Book Review: Girl Land

As I’m making my way through the literature on the representation of women and girls in the media, I encounter very different views, opinions, suggestions and theories on why adolescence is so difficult to understand. I’ve read about those who advocate for attachment parenting to closely monitor a young girl’s media usage, and also studied those who suggest censorship is the devil. I’m learning that you’ve got to draw your own conclusions from the bevy of information available, or you’ll go crazy trying to apply it all to your own life.

One book that skews to the more conservative side, is Girl Land by Caitlin Flanagan.

girl land

Girl Land is about, you guessed it, adolescent girls and how they are impacted by so many factors surrounding them. This book deviates from a media effects focus, and more historically covers the ins and outs of growing up as a girl, and how society’s fascination with all things sexual is silently killing their innocence.

The New York Times wrote a review of the book, calling it “hyperbolic, incoherent, sometimes smart and occasionally maddening.” Now, I think this is a bit much, and probably stems from the fact that Flanagan promotes more conservative types of values, actions and processes for raising strong, powerful girls.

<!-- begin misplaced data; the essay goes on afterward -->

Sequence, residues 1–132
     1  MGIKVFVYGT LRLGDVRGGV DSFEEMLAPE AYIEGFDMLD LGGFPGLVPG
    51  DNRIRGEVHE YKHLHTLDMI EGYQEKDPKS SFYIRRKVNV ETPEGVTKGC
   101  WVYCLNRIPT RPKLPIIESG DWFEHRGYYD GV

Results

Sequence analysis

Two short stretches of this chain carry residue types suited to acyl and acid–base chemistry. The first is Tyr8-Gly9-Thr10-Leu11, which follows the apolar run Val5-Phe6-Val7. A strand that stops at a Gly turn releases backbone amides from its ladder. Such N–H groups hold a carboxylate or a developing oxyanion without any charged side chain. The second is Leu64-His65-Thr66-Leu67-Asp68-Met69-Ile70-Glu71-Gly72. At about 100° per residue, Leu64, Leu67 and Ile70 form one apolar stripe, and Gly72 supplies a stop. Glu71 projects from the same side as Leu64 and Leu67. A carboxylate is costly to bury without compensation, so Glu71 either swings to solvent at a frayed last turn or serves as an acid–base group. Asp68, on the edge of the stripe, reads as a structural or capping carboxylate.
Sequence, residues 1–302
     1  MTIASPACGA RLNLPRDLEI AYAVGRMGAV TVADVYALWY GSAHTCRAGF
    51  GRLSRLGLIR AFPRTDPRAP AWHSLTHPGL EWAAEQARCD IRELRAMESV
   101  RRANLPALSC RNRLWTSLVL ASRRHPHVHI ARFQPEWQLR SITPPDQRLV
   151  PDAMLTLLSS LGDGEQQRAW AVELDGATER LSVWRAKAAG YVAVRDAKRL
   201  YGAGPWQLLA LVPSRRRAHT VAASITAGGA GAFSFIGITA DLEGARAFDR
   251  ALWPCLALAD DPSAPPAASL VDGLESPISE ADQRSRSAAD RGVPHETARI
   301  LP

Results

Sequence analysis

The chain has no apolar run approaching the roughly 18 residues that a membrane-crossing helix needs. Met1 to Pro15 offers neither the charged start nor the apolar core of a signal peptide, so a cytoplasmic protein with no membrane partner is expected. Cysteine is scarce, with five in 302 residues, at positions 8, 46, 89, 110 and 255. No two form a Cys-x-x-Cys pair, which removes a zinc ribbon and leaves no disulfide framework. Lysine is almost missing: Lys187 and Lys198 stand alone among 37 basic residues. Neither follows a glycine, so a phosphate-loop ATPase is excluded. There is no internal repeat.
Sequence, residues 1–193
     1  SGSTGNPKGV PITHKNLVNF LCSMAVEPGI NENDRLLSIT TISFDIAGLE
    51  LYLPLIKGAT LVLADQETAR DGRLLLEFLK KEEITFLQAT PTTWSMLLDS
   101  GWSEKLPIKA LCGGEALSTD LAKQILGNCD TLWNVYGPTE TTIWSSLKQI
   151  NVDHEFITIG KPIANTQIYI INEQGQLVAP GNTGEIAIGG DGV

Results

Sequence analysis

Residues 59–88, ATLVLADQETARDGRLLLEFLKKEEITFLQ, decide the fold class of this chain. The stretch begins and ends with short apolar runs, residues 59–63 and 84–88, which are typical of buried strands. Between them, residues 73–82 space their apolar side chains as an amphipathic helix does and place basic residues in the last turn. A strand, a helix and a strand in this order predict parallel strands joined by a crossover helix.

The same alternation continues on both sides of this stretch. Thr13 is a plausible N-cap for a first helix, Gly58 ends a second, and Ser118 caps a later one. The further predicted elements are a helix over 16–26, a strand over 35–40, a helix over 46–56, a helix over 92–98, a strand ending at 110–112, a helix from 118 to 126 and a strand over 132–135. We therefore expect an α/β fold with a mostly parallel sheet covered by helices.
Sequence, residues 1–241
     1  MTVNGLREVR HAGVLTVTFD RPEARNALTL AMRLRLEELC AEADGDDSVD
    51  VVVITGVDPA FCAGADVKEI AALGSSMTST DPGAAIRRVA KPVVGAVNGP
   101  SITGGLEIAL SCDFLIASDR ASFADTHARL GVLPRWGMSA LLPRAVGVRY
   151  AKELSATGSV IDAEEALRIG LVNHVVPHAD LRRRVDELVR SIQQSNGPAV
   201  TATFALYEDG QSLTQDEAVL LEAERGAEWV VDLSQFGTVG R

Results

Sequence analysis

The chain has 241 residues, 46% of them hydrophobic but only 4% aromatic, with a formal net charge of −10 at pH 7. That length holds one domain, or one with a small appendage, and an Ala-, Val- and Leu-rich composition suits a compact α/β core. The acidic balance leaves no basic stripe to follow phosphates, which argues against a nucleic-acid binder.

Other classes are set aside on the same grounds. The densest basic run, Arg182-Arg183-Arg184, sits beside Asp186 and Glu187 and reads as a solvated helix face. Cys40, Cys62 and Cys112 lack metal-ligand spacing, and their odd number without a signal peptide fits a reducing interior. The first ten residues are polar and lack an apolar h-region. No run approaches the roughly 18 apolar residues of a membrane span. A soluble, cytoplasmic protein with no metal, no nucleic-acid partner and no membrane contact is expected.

But, what I found most intriguing about the book was its historical references. Each chapter is divided into different areas of “Girl Land” or the “girl anticipating her first period, nursing her first crush, brooding and withdrawing… coming to terms with her emergence as a sexual creature, with everything good and everything frightening that accompanies this transformation.” The chapters ranged from dating to diary keeping.

And the references to the growth of these activities (dating, diaries, sexuality, etc.) showed a historical and societal context I had not considered before. For example, she covers the emergence of “dating,” grown out of a rebellion against courtship and in the development of the teenage culture we know today that started in the 1920s.

There were parts that left me thinking “that’s a little harsh” and the book does draw sweeping generalizations about how a young girl should be treated. But it did make several good points about how girls will endure this time in their lives, but often emerge from the other side more vibrant and energized than when they entered. I’d recommend it to anyone interested in the historical context of adolescence, but it was lacking in the implications of the media on this age group, which would have made her argument a bit stronger. Warning through: it does include some graphic descriptions of sexuality and menstruation, not usually suggested for light beach reading 🙂